New European research has found that eating regular balanced meals is more effective in managing a healthy weight than dieting, which can actually cause weight gain.
Carried out by researchers at the University of Helsinki, the study looked at 2452 women and 2227 men to assess the common factors that influence weight gain in early adulthood, an important period for weight management as it can help with maintaining a healthy weight later in life.
The participants were asked to answer surveys which looked at various factors influencing weight changes at the start of the study at age 24, and ten years later at age 34.
The researchers found that only around a quarter of participants were able to avoid weight gain during the ten years (28.6% of women and 23.0% of men), and just 7.5% of women and 3.8% of men lost weight during this time.
Most subjects gained weight between the ages of 24 and 34, with the mean weight gain in women 0.9 kg per year and 1.0 kg for men.
The team found that among both men and women, irregular eating and a history of dieting in order to lose weight were two of the key factors that actually led to weight gain.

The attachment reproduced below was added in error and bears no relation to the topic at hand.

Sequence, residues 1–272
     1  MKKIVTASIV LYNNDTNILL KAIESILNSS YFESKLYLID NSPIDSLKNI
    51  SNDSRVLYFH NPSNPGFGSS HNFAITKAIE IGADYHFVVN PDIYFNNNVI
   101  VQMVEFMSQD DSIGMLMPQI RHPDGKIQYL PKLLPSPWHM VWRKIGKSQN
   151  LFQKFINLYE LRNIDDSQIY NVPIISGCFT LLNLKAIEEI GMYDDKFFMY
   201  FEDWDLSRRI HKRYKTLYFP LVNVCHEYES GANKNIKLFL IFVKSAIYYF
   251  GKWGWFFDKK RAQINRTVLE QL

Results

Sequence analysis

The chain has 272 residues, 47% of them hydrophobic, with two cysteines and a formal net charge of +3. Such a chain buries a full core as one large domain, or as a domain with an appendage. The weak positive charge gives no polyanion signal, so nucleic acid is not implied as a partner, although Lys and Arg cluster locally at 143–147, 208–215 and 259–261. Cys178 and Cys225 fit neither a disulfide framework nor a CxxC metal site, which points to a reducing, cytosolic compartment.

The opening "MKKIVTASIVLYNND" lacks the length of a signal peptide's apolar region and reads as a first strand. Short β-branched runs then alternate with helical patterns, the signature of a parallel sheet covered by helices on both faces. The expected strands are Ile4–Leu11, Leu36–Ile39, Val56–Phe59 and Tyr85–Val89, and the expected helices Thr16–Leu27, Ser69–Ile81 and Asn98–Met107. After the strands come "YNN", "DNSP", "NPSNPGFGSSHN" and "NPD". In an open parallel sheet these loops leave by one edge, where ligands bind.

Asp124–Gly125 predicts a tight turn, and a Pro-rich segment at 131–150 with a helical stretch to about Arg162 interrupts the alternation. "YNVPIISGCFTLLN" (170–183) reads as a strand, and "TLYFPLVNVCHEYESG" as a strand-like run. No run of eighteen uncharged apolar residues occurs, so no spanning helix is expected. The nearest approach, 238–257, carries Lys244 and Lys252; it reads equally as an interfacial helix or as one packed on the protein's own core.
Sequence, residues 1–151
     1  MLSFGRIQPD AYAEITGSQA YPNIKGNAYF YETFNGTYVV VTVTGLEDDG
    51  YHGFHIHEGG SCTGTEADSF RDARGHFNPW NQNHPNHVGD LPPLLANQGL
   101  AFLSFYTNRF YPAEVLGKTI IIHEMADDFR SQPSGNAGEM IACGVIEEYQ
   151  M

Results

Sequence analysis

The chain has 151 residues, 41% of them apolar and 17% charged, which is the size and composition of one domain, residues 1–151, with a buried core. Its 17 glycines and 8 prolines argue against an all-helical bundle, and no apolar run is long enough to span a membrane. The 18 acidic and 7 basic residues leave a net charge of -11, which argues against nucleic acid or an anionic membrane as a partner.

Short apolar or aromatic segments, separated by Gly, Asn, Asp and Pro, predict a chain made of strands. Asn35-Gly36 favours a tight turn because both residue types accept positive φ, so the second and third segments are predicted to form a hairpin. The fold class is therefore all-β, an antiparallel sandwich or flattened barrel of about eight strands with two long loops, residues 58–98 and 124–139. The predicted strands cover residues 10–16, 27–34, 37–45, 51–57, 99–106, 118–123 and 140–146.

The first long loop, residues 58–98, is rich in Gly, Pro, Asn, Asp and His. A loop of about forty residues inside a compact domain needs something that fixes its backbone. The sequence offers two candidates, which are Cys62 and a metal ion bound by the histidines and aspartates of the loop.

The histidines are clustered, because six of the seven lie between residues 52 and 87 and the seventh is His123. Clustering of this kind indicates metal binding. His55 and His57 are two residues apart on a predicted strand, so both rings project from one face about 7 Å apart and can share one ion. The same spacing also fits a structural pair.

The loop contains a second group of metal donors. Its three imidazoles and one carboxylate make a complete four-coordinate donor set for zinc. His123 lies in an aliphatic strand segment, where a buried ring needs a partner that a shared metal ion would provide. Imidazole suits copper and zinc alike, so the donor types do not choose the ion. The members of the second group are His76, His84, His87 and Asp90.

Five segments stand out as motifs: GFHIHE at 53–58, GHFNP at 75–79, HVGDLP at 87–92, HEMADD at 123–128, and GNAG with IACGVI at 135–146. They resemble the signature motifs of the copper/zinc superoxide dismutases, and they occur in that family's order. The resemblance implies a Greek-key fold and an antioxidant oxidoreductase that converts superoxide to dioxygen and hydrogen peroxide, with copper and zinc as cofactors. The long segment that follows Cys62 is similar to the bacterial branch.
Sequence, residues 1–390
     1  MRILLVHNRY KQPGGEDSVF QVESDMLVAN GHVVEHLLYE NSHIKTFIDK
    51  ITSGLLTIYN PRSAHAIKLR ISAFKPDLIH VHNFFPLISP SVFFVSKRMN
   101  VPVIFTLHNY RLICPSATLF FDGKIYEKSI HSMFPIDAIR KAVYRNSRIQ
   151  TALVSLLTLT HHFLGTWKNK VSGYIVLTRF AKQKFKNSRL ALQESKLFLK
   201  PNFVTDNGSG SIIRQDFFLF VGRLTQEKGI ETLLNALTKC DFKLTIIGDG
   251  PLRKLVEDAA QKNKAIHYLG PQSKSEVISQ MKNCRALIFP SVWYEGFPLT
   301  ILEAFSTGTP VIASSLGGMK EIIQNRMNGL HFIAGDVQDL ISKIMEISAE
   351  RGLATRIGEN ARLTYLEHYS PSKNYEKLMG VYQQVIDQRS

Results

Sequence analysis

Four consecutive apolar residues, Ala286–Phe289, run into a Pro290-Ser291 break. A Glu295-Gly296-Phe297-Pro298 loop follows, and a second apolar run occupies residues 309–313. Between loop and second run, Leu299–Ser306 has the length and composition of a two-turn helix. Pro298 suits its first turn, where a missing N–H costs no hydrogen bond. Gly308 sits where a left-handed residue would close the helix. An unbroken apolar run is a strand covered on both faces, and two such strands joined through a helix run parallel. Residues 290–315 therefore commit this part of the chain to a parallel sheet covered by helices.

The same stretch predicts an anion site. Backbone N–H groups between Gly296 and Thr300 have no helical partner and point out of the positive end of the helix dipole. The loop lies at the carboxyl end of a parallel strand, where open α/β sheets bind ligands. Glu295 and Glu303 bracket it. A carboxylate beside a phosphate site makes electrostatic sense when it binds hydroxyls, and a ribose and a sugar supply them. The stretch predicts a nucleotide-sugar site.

A woman's risk of gaining weight was also increased by giving birth to two or more children, regularly drinking sugary drinks, and feeling unsatisfied with life.
For men, smoking was found to be another important factor for weight gain.
"Often, people try to prevent and manage excess weight and obesity by dieting and skipping meals. In the long term, such approaches seem to actually accelerate getting fatter, rather than prevent it," says Ulla Kärkkäinen, a researcher and licensed nutritional therapist at the University of Helsinki. "Prior research has shown that approximately every other adult is constantly dieting. According to the National Institute for Health and Welfare, nearly a million Finns diet every year. Even though dieting may seem a logical solution to weight management problems, it can actually increase weight gain and eating problems in the long run."
In addition to eating regularly and avoiding diets, the researchers also found that physical activity was a key factor in helping to protect women from weight gain, while for men a higher level of education and having a greater weight at the beginning of the study appeared to have a protective effect.
The team concluded that those wanting to maintain a healthy weight long-term should now focus on eating regular meals, which supports the natural biological functions of the body, taking care of overall well-being, and finding a more meaning in life.
The findings can be found published online in the journal Eating Behaviors.